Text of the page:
“I have great doctors but the economics are daunting,” is the key quote at the end of last Sunday’s New York Time article on the cost of colonoscopies. The article is the first of a series that will run throughout the coming months that will look at why the US spends $2.7 trillion on healthcare, which is 18% of its gross domestic product. Even though the massive increases in healthcare spending seem to have been slowing down over the last three years, it is still way too high. Keep in mind we spend double what most other developed countries spend and have outcomes that are only in the middle of the pack.
A close look at the costs of colonoscopies will start to unravel some of the issues we face in our country. First, the article points out that in our country the procedure seems to cost somewhere between $5,000 and $10,000 whereas in most developed countries it costs only a few hundred dollars and well under $1,000. Keep in mind that this procedure takes less than an hour and is done on more than 10 million people a year. In other words, it is pretty routine.
Read through the article and see how this situation has grown. First there has been, and rightfully so, a huge consumer push around the value of this procedure to prevent colon cancer so that everyone realizes it must be done once you reach a certain age. Then the profiteers seem to really take over. The procedure once done in a doctors office now moves into an outpatient surgery center. New drugs are added that must be administered by anesthesiologists. Insurance companies pay the entire bill and for the patient the procedure is free. Massive lobbying and pressure on insurance companies takes place to make sure costs stay high. The situation is complex but the outcomes are predictable. Yes, we end up with a quality test that is potentially life-saving but it costs us ten times more than anywhere else in the world. I don’t think anyone feels a colonoscopy in the US is better than one done in Canada, France or the UK. It just costs so much more.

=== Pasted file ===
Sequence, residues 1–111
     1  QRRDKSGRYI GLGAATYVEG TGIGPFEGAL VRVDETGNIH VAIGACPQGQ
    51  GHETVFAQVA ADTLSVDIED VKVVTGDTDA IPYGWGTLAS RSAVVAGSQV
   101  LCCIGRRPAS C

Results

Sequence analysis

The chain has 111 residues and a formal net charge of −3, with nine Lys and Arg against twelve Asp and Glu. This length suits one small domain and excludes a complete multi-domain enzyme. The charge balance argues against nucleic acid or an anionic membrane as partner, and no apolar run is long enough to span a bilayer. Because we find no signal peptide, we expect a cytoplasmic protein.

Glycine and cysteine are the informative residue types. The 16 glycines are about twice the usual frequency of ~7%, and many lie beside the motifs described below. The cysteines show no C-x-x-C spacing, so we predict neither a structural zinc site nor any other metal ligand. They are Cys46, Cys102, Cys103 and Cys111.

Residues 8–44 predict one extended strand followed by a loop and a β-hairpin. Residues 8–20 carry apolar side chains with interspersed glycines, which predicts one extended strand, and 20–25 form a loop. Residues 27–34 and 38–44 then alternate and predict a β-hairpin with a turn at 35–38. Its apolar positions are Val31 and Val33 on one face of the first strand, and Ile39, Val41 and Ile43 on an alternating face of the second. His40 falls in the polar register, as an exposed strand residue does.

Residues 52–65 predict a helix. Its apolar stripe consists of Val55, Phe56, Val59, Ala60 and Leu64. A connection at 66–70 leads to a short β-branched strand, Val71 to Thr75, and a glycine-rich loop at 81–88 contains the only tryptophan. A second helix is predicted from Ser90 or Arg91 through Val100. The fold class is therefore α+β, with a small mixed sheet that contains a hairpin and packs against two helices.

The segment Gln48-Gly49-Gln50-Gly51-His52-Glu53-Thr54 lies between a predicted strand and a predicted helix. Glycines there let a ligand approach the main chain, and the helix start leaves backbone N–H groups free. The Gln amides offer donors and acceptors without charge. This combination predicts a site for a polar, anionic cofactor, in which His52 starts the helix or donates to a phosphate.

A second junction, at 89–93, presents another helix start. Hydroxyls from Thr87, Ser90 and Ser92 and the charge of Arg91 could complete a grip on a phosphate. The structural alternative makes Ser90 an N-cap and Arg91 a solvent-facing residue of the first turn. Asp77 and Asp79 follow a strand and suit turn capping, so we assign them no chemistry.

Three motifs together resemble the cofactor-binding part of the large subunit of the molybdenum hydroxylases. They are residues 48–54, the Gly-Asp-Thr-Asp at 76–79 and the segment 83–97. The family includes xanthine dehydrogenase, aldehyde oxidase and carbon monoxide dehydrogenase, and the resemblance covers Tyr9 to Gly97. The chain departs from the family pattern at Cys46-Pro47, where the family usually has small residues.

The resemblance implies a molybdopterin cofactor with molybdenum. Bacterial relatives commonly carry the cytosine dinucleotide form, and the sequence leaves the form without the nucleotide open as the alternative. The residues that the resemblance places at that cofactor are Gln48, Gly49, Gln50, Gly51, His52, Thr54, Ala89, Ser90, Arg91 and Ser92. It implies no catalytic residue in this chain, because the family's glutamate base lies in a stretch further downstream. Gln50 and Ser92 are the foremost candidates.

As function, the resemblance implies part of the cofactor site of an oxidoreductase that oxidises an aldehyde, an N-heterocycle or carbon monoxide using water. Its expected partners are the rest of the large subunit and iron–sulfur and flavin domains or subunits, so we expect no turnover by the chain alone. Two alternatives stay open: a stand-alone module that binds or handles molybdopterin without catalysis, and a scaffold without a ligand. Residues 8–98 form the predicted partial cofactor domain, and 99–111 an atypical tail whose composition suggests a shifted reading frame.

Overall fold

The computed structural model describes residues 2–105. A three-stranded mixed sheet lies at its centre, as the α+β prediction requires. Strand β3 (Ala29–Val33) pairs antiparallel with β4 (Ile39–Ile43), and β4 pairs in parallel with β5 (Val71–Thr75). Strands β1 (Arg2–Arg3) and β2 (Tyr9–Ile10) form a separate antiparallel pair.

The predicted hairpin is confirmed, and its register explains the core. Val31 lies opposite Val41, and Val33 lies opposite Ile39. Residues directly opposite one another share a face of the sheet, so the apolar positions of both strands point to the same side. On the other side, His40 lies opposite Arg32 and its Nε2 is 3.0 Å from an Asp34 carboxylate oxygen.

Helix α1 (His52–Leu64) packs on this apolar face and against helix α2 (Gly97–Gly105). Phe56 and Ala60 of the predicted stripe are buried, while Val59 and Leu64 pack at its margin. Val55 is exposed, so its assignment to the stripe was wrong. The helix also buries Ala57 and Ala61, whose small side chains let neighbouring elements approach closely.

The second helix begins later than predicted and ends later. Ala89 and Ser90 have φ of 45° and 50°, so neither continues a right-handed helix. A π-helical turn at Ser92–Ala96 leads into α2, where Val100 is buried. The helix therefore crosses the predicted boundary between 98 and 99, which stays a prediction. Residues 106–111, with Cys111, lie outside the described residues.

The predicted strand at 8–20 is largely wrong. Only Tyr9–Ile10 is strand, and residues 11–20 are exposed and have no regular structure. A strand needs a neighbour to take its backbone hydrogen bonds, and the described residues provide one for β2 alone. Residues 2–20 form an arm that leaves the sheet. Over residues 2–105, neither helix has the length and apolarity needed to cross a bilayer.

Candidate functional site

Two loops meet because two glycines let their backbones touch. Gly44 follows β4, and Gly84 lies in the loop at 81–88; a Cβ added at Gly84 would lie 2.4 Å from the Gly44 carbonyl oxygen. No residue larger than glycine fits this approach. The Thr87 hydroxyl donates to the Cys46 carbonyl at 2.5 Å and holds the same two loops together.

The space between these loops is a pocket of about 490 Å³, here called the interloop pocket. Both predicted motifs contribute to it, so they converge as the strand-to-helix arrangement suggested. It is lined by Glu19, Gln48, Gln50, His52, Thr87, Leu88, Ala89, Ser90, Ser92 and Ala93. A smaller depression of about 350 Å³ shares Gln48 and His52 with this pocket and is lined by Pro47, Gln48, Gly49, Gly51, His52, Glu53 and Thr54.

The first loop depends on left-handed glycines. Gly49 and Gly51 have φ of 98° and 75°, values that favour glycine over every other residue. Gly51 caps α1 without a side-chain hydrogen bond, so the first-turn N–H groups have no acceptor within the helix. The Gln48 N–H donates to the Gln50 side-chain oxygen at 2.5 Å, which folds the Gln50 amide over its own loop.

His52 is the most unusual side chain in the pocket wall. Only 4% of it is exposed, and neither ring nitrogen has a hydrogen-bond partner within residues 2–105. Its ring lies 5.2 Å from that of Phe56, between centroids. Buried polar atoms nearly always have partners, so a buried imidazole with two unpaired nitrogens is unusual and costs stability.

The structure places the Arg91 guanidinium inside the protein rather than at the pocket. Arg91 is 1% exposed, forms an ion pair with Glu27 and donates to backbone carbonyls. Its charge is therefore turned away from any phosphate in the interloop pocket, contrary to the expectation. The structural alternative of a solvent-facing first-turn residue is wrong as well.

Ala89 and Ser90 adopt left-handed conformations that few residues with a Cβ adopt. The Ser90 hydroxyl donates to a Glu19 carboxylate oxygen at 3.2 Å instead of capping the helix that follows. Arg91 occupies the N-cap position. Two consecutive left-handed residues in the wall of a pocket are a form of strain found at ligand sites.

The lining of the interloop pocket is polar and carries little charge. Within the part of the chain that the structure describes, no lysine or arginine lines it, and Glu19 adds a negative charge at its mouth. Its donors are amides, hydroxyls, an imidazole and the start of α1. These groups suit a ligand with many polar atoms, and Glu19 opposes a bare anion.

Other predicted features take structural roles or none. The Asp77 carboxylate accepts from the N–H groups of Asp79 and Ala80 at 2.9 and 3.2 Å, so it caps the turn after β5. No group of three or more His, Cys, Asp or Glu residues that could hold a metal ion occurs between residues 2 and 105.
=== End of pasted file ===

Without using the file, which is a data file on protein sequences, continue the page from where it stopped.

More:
A couple weeks ago I talked about the media going after the cost of healthcare and not letting go. This is one of those early warning signs we all look for when doing strategic planning. The NYT author promises to look at area after area to show why the costs in healthcare are out of control in our country. Everywhere you look there are articles on this issue. All of this seems to be making an impact. Physicians are fighting back against the cost of cancer drugs. Generics are used to fill 85% of all drug prescriptions. How many new drugs can you name launched in the last five years that are used on more than 1 million patients? The contentious debates around the Affordable Care Act have made the issue of healthcare cost much more transparent. It no longer seems as though this problem is inevitable.
These costs will be controlled as the public is no longer excited about the value they are getting for the expense. They are afraid of the deficits politicians keep warning us about and clearly see healthcare as the issue. Some think a type of single payer coverage will happen that may start with an expansion of Medicare. A more likely outcome is some opportunistic capitalist will see the huge opportunity of providing products and services at a lower, more realistic, cost and will reap tremendous profits at the expense of those who refuse to change.